Programming I can commit to
It feels like I have done this before. This all seems vaguely familiar. I did an attempt at 100 days of code a couple of years ago that didn’t go so well for instance. There was also that time I spent with Scratch that time.
side note: I wrote the above paragraph having literally no memory of a prior post from 2019 entitled Proto-dev log and outlining nearly identically everything I wrote after this. Apparently I'm predictable.
I think this time it will go much better though. Yes. I will actually work my way through those Udemy courses I bought, watch more YouTube walk-throughs and really make lots of games this time around. I mean I created an itch.io page. I must be serious.
My thoughts are to spend I assume many hours following the tutorials trying my own variations then when I feel like I am capable…start producing my own versions of primitive early ’80s games. I mean Robotron, Adventure, Pac-Man, space invaders, asteroids, snake, missile command, galaga/galaxian. You get the idea. The ultimate would actually be a remake of the first level of Gradius. I think that’d be fun. To have my own version of a small part of NES Gradius. Actually playing the re-release of Far Cry: Blood Dragon made me revive the idea of a “de-make” of Blood Dragon again. I assume I can’t be the first to ever think of that.
I thought there was a term in music for learning a song via “playing by ear” but I couldn’t find any single word when I looked it up. I thought that is what a “pick-up” was. Guess not.
Anyway, much like possibly the best programming channel on YouTube (CodingTrain) I would look the basic rules of the game on Wikipedia or where ever and start creating from there to make my own version. Kind of a “clean room” approach which would probably fall apart rather quickly and I would have to find help through a video.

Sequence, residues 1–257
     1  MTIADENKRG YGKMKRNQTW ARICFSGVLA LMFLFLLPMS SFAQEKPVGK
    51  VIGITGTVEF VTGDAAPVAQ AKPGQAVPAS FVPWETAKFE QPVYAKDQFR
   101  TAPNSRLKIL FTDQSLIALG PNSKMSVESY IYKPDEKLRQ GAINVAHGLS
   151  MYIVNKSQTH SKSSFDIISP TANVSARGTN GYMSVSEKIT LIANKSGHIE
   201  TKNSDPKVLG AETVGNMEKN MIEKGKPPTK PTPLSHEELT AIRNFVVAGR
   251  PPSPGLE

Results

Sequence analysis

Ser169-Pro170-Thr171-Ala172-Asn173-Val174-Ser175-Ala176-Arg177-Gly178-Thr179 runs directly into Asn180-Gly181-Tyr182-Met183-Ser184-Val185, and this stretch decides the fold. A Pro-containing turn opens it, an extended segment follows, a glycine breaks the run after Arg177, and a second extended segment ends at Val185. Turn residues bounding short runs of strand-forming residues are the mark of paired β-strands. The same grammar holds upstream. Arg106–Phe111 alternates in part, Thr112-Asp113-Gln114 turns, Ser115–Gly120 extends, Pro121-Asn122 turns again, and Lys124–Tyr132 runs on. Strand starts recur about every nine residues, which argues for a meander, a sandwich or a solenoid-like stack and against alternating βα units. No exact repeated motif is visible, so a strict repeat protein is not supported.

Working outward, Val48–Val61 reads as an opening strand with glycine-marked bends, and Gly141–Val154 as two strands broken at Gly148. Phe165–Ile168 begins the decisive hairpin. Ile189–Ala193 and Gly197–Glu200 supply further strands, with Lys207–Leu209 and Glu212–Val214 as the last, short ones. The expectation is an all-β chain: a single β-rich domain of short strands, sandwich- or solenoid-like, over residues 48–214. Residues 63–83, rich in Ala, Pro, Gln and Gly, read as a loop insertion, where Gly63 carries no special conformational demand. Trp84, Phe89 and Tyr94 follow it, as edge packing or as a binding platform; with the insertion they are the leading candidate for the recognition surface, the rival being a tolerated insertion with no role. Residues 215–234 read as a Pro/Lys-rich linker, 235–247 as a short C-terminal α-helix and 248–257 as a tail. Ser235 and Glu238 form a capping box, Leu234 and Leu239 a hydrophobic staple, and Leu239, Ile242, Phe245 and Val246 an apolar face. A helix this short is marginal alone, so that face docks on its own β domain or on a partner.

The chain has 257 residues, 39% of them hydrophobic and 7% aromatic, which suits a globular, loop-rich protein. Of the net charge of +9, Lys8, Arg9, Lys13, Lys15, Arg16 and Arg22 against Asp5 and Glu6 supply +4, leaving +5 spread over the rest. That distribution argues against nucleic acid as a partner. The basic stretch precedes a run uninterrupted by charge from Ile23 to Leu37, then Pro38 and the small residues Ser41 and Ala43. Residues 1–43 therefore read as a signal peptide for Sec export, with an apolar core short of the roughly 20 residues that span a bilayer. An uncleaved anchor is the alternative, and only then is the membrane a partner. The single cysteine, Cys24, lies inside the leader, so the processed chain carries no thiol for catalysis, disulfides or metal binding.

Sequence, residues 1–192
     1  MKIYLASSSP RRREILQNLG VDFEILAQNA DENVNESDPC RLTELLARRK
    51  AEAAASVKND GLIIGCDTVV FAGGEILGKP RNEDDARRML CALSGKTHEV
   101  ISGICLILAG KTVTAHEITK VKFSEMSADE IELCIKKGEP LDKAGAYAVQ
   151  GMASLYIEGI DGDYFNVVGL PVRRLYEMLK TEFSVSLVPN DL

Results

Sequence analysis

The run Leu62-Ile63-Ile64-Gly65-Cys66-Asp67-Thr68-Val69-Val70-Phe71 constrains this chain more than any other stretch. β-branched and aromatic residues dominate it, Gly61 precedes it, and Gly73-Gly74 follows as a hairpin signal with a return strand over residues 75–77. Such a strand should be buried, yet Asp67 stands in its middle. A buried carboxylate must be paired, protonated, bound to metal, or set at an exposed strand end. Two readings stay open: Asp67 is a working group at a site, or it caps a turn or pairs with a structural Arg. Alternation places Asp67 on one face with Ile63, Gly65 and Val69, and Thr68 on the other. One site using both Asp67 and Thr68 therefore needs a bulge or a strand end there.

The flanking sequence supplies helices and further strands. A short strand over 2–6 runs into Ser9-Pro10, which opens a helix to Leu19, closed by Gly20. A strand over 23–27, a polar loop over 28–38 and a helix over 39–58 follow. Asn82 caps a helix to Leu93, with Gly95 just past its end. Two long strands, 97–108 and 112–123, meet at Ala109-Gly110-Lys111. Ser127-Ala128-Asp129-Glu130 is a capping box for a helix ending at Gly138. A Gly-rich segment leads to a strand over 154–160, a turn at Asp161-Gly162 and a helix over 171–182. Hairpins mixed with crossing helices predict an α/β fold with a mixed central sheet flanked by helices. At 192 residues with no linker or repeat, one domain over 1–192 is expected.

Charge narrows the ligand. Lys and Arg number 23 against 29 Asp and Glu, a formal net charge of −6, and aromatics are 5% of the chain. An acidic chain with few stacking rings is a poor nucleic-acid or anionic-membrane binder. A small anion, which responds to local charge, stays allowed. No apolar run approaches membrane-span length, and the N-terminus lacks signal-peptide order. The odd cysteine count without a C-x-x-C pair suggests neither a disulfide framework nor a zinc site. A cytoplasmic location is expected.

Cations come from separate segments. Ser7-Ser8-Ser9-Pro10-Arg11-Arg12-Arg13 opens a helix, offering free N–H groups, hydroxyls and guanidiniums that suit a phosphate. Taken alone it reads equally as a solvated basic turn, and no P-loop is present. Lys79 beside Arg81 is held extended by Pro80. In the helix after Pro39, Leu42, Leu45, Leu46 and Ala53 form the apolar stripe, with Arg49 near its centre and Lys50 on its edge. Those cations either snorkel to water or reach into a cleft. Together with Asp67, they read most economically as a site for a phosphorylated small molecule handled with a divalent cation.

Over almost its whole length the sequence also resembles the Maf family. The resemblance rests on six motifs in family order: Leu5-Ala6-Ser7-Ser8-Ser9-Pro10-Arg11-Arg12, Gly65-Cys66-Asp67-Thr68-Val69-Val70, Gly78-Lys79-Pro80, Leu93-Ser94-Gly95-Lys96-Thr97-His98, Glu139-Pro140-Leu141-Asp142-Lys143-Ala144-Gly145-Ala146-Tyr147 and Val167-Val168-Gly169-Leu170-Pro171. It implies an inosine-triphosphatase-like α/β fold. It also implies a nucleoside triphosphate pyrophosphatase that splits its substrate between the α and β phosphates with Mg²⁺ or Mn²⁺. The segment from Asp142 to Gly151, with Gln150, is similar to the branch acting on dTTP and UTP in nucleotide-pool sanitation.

I’ll start small though: just start watch tutorial videos, very small incremental steps. And I would also like to believe I’ll keep an ongoing “dev log” of my progress. Problem is it might be too small to really write anything about. Which leads to the other thing I should embrace more: that’s it’s okay to post really short, not very detailed posts. After all it’s no like I’m publishing a book or writing with the expectation my thoughts will be in the national archives. I should just post what I have.
On a semi-related note, this fellow Yahtzee of Zero Punctuation fame did a “developer diary” in 2019 in which he committed to releasing twelve games in twelve months. It’s actually quite inspiring. He does a really great job of explaining how he comes up with ideas and explaining how he then implements them. I would recommend it to anyone, even those not interested at all in game making. It’s also quite an indirect sell on using GameMaker Studio 2.
Well I think that’s all for now. I’ll write again in probably 6 more months after either hundreds of hours of game tutorials or a failure after a distraction of a shiny object.
Since I would call my one game solution a day project a success in the sense I completed it and wrote those blog posts I thought of a new random idea for similar that I wanted to write down before I forgot.
Modifying/rooting/etc one game console a day. And making a blog post for each. Well some of them might take longer than a day. That seems like something achievable though. I probably won’t link directly to any software used though. It’d just be the information.